Advertisement

Bevacizumab Added to Radiotherapy/Temozolomide Improves Progression-Free Survival but Not Overall Survival in Newly Diagnosed Glioblastoma

Advertisement

Key Points

  • Bevacizumab was associated with prolonged progression-free survival but not prolonged overall survival.
  • Bevacizumab treatment was associated with significant delay in deterioration of quality of life measures and performance status.

In a double-blind phase III trial reported in The New England Journal of Medicine, Chinot et al assessed adding bevacizumab (Avastin) to radiotherapy and temozolomide in patients with newly diagnosed glioblastoma. This was the second of two similar studies published in the February 20 issue of NEJM, and in this report, unlike the study by Gilbert et al, the addition of bevacizumab was associated with prolongation of progression-free survival but not overall survival. 

Study Details

In the trial, 921 adult patients were randomly assigned to receive bevacizumab at 10 mg/kg (n = 458) or placebo (n = 463) every 2 weeks plus radiotherapy (up to 60 Gy) and temozolomide at 75 mg/m2 for 6 weeks. After a 28-day break, patients received maintenance bevacizumab at 10 mg/kg or placebo every 2 weeks plus temozolomide at 150 to 200 mg/m2 per day for 5 days for six 4-week cycles, followed by bevacizumab monotherapy at 15 mg/kg or placebo every 3 weeks until disease progression or unacceptable toxic effects.

The coprimary endpoints were investigator-assessed progression-free survival and overall survival. The two groups were well balanced for baseline characteristics.

Overall, 62% of patients in the bevacizumab group and 69% in the placebo group received subsequent treatment after progression.

Survival Data

Median progression-free survival was 10.6 months in the bevacizumab group vs 6.2 months in the placebo group (stratified hazard ratio [HR] = 0.64, P < .001). Hazard ratios for progression-free survival consistently favored bevacizumab in subgroup analyses, including a significant benefit among patients with nonmethylated MGMT (O-6-methylguanine–DNA methyltransferase; 0.56, 95% confidence interval (CI) = 0.46–0.69), a nonsignificant benefit in those with methylated MGMT (0.76, 95% CI = 0.56–1.04), and significant benefits in recursive partitioning analysis (RPA) classes III, IV, and V.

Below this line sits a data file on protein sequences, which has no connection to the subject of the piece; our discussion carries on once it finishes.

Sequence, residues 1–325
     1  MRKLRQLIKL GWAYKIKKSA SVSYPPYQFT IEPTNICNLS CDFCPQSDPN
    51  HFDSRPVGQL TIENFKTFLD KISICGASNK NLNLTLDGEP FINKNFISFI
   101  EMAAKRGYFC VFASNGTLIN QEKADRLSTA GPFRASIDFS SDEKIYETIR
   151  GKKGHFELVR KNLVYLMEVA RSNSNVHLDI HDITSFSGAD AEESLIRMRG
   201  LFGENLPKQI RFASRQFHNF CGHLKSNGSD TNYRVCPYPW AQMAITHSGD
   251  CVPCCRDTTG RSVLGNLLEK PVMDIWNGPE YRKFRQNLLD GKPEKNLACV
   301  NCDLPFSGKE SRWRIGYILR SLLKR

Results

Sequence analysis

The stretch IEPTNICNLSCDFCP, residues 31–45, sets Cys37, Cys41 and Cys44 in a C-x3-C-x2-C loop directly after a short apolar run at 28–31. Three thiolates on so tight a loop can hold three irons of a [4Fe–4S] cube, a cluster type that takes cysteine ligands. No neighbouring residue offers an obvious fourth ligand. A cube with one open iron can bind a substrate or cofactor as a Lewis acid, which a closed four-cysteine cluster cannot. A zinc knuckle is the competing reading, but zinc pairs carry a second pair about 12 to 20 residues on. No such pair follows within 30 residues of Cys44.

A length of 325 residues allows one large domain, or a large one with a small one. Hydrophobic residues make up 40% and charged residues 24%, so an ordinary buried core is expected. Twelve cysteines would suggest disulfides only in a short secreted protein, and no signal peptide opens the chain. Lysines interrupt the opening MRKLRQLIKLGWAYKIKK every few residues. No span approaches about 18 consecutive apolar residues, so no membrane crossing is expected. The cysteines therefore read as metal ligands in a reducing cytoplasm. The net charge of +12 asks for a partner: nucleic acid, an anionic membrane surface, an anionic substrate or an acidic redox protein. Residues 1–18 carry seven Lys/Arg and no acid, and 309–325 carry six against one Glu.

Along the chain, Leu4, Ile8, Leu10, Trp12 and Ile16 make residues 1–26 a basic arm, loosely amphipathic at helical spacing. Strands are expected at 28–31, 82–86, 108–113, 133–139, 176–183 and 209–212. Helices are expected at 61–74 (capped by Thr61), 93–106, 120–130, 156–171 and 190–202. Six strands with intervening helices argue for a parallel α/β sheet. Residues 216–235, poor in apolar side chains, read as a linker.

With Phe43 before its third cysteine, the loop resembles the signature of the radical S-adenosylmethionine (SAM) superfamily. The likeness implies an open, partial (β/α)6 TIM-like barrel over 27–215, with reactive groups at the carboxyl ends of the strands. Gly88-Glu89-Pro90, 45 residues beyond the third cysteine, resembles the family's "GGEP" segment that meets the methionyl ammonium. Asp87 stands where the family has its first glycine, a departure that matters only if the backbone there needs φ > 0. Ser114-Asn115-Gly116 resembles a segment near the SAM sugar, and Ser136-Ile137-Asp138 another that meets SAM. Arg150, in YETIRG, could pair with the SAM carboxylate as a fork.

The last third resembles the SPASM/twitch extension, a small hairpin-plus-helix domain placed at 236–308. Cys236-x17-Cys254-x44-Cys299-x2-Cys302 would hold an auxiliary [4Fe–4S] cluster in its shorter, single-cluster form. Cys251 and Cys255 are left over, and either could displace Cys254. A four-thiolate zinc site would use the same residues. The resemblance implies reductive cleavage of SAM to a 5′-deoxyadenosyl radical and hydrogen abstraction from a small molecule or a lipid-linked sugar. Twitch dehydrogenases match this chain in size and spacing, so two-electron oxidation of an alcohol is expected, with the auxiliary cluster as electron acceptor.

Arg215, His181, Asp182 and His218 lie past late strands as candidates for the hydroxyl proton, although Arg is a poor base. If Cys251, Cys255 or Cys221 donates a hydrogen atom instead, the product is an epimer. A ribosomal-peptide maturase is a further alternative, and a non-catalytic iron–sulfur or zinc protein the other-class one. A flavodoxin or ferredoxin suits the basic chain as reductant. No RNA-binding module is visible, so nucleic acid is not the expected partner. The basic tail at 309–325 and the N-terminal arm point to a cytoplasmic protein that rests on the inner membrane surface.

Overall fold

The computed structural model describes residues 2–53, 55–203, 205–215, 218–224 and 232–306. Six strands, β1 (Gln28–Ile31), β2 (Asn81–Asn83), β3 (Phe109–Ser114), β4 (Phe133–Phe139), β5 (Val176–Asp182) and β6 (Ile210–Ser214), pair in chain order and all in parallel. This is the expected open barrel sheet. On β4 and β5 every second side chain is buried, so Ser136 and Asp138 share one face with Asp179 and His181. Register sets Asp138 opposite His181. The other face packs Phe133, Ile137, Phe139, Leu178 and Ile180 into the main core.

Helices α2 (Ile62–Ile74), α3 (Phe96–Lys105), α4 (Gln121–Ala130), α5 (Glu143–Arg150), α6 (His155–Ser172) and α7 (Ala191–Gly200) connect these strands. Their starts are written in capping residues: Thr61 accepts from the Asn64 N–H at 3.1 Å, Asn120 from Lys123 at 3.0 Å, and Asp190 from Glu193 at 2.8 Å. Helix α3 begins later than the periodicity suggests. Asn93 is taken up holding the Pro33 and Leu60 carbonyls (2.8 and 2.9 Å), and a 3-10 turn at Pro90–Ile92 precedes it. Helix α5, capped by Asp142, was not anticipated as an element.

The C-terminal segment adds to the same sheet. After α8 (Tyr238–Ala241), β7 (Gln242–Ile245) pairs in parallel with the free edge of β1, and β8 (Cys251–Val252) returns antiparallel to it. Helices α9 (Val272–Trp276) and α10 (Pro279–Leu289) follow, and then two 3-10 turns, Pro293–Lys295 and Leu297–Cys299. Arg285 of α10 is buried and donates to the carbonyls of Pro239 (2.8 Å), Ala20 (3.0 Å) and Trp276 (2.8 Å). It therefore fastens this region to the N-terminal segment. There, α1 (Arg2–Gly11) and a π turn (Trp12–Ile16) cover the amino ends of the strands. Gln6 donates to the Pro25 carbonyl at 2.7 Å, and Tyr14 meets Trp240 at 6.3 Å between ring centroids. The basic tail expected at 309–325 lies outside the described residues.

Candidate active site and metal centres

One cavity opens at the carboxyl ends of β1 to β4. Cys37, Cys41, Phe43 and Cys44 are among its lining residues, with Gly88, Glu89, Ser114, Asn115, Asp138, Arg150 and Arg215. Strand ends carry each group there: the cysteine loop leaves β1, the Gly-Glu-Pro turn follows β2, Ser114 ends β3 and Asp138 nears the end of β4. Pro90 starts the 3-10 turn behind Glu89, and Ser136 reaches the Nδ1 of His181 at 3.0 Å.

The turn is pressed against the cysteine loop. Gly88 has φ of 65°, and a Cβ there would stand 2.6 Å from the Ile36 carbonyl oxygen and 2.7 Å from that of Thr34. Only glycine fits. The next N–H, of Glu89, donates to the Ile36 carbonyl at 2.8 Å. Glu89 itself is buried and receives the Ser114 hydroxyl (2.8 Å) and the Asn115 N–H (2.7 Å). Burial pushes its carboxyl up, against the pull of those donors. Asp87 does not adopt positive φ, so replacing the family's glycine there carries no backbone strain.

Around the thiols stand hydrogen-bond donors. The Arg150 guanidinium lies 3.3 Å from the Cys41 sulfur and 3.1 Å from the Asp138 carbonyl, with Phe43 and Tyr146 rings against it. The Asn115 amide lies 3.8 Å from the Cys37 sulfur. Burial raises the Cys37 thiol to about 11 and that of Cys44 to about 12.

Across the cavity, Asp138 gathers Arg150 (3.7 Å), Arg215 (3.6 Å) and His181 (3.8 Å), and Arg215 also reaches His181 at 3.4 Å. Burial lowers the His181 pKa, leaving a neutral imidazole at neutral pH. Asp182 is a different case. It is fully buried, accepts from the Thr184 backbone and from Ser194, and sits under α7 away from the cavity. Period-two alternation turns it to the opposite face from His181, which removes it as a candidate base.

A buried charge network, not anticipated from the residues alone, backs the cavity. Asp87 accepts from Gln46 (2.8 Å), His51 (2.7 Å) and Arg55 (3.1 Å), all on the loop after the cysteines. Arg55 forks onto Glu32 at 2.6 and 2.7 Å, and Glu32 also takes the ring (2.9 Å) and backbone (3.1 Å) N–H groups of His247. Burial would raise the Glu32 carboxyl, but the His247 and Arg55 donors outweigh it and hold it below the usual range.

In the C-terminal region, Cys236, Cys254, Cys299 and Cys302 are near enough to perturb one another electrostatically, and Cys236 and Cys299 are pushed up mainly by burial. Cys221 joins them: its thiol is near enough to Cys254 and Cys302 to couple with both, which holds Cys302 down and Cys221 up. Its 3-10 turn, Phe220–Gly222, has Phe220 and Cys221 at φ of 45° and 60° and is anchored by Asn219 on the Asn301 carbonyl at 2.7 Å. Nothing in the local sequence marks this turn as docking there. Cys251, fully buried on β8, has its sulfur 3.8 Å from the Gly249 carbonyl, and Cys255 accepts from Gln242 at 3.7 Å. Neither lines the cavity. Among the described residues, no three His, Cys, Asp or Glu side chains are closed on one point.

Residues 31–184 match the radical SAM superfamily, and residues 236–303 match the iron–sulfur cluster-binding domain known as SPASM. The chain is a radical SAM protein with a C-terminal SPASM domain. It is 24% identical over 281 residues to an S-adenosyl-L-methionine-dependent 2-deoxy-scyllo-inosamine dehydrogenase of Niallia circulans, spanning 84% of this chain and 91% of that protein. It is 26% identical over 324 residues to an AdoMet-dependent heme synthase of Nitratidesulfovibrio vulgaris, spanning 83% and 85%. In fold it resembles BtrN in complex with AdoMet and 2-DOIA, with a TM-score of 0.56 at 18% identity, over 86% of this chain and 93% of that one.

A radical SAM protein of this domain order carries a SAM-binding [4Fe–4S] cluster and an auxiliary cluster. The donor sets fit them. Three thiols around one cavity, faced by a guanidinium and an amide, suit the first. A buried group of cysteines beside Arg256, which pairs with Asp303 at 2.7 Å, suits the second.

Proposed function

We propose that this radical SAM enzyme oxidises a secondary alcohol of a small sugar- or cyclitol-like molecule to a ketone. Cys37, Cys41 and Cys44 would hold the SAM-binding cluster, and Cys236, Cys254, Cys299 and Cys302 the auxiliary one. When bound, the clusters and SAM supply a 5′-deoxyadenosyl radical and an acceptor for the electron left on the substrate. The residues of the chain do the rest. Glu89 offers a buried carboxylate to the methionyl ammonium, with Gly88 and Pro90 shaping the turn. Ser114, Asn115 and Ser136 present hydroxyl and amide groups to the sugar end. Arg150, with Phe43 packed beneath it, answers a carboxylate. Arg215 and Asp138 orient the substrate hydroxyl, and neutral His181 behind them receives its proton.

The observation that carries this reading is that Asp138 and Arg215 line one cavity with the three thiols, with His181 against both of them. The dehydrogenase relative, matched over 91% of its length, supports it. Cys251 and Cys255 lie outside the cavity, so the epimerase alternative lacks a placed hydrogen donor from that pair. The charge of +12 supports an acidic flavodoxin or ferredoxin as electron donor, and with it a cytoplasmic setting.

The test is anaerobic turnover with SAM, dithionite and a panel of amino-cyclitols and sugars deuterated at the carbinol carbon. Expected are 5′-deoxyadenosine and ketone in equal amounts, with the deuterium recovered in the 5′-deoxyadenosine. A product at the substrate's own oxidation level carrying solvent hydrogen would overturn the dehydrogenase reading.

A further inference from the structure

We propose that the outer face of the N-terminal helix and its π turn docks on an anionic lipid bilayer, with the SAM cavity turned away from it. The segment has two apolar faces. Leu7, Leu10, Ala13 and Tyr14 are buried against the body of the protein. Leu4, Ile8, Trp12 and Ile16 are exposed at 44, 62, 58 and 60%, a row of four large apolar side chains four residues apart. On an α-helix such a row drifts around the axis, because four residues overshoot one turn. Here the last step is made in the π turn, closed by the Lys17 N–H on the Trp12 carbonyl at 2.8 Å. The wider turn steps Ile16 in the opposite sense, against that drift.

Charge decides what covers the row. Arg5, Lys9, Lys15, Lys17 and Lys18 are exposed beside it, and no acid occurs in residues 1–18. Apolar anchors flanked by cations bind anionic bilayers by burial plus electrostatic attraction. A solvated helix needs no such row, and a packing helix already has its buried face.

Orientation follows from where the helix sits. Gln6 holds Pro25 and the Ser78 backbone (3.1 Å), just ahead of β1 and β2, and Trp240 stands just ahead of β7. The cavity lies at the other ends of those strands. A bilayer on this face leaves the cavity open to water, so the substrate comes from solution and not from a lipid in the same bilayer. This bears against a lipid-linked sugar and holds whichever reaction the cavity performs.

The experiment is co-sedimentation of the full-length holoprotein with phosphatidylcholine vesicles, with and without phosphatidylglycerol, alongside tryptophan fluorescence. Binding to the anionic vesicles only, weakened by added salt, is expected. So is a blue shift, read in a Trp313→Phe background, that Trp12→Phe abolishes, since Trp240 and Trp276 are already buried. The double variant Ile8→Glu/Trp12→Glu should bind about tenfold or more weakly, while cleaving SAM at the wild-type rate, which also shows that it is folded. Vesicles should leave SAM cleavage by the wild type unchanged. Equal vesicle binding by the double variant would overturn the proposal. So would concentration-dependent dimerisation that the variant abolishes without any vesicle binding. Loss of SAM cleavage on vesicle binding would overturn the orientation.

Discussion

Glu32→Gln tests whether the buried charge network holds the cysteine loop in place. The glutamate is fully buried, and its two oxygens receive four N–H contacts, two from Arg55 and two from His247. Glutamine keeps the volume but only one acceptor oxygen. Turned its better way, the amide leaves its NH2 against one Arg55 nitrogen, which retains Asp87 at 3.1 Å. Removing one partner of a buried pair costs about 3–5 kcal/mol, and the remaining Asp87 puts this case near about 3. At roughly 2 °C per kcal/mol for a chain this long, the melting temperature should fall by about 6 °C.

Median overall survival was 16.8 vs 16.7 months (HR  = 0.88, P = .10), with no significant differences observed in subgroup analyses. Overall survival was 72.4% vs 66.3% at 1 year (P = .049) and 33.9% vs 30.1% at 2 years (P = 0.24).

Quality of Life

Quality-of-life assessment on the European Organisation for Research and Treatment of Cancer quality-of-life questionnaire/brain-cancer module (QLQ-C30/BN20) showed deterioration-free survival was significantly longer for bevacizumab patients on all five prespecified scales, consisting of global health status, physical functioning, social functioning, motor dysfunction, and communication deficit (all P < .001) and on all 21 nonprespecified scales in an exploratory analyses (all P < .05).

There were no differences between groups in neurocognitive function assessed by the Mini–Mental State Examination. Karnofsky performance status was maintained at ≥ 70 for a median of 9.0 months in the bevacizumab group vs 6.0 months in the placebo group, and median survival without deterioration in performance status (9.0 vs 5.5 months, P < .001) and median time to deterioration (14.2 vs 11.8 months, P = 0.02) were longer in the bevacizumab group. 

Among patients receiving glucocorticoids at baseline, use was discontinued for ≥ 5 consecutive days in 66% of bevacizumab patients vs 47% of placebo patients; among those not receiving glucocorticoids at baseline, median time to initiation was 12.3 vs 3.7 months (P = .002).

Adverse Events

Serious adverse events (39% vs 26%, P < .001) and grade ≥ 3 adverse events (67% vs 51%, P < .001) were more common with bevacizumab treatment. Grade ≥ 3 adverse events that were significantly more common (all P < .05) with bevacizumab included arterial thrombotic events (5.0% vs 1.3%), hypertension (11.3% vs 2.2%), proteinuria (5.4% vs 0%), and thrombocytopenia (15.0% vs 9.8%).

Other serious adverse events observed more frequently in the bevacizumab group included bleeding, complications of wound healing, gastrointestinal perforation, and congestive heart failure. Adverse events led to discontinuation of treatment in 26.5% vs 13.6% of patients, including discontinuation of bevacizumab or placebo in 24.7% vs 10.2% (both P < .001). Grade 5 adverse events occurred in 4.3% vs 2.7%.

The investigators concluded, “The addition of bevacizumab to radiotherapy-temozolomide did not improve survival in patients with glioblastoma. Improved progression-free survival and maintenance of baseline quality of life and performance status were observed with bevacizumab; however, the rate of adverse events was higher with bevacizumab than with placebo.”

Olivier L. Chinot, MD, of Aix-Marseille University, Assistance Publique–Hôpitaux de Marseille, is the corresponding author for The New England Journal of Medicine article.

The study was funded by F. Hoffmann–La Roche. For full disclosures of the study authors, visit www.nejm.org.

The content in this post has not been reviewed by the American Society of Clinical Oncology, Inc. (ASCO®) and does not necessarily reflect the ideas and opinions of ASCO®.


Advertisement

Advertisement



Advertisement